Mrs. Y.

                                          We can do it in other scientific fields. For example, there's something called DNA barcoding: http://boingboing.net/2013/05/15/the-technology-that-links-taxo.html

                                          "The non-fictional tricorder is based on an idea called DNA barcoding, which originated in 2003 with Canadian biologist Paul Hebert. He thought there might be an easy way to quickly identify species using short DNA sequences that are unique to one species or another. If you had a database of these sequences, then all you'd have to do would be to match a sample to a sequence and you'd know what species you were looking at. It's similar to the way we store fingerprints, and then use those to match prints from a crime scene with an individual person."

                                           

                                          If we can thin-slice in species identification and there's a lot more data to work with, why can't we identify markers that would be early indicators of problems?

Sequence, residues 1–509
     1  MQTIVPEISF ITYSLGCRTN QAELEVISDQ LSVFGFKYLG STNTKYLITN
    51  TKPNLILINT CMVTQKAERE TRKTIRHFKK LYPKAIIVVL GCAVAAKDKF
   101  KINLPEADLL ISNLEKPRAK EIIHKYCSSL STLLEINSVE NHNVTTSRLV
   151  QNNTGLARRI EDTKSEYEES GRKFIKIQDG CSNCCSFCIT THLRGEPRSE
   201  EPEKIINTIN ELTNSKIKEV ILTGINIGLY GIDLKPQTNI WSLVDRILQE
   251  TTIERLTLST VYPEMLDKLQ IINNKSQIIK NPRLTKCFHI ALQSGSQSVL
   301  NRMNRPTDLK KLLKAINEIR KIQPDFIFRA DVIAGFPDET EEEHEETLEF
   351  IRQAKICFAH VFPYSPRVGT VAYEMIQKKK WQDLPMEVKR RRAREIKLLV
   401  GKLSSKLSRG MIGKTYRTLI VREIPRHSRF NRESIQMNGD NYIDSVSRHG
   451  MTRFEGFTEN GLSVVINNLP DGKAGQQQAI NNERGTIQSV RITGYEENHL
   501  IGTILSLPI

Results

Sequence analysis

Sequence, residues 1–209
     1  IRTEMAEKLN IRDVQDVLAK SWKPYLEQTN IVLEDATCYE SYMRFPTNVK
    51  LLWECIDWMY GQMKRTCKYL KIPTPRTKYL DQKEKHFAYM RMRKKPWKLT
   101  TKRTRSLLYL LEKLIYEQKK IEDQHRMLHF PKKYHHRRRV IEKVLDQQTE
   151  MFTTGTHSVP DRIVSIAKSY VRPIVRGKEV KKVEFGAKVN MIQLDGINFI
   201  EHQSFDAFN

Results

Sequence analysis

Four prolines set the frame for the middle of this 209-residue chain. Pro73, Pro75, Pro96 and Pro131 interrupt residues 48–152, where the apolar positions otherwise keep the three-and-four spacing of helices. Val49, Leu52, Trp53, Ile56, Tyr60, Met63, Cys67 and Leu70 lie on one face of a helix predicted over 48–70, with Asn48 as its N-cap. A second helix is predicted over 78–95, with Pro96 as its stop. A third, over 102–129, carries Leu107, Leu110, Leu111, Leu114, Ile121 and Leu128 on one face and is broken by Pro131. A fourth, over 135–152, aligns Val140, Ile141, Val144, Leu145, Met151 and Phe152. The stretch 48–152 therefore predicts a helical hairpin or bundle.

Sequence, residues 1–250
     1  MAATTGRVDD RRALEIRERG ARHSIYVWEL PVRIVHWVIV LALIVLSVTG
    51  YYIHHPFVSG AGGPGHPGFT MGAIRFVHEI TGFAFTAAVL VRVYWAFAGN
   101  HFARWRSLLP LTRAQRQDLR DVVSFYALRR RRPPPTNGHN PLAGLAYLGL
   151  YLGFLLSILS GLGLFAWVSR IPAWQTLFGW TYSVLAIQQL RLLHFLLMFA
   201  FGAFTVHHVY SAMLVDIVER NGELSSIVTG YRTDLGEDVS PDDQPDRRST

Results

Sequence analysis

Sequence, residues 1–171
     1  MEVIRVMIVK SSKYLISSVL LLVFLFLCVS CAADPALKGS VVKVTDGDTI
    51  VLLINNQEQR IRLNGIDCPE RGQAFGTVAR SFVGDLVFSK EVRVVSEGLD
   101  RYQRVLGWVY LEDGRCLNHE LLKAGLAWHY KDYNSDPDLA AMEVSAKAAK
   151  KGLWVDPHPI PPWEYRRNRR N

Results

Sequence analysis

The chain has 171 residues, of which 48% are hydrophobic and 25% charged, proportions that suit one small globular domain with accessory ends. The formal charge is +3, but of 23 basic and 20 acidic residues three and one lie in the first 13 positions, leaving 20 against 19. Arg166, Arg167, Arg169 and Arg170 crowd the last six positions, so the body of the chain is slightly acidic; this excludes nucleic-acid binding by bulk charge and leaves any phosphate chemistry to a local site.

• Re: Log Correlation: There Can Be Only One
                                          Webbster

                                          I am just starting to get into the security side of the house. At this time we are using a combination of services that Dell is providing to us and Snort software.

                                          • Re: Log Correlation: There Can Be Only One
                                            michael2907

                                            This is probably one of the most interesting analogies to log data I think that I've seen. But it does have truth to it nonetheless.

                                             

                                            And you're right, if you don't spend the time upfront to properly set thresholds you'll soon find yourself in a bad mess when something happens you didn't foresee.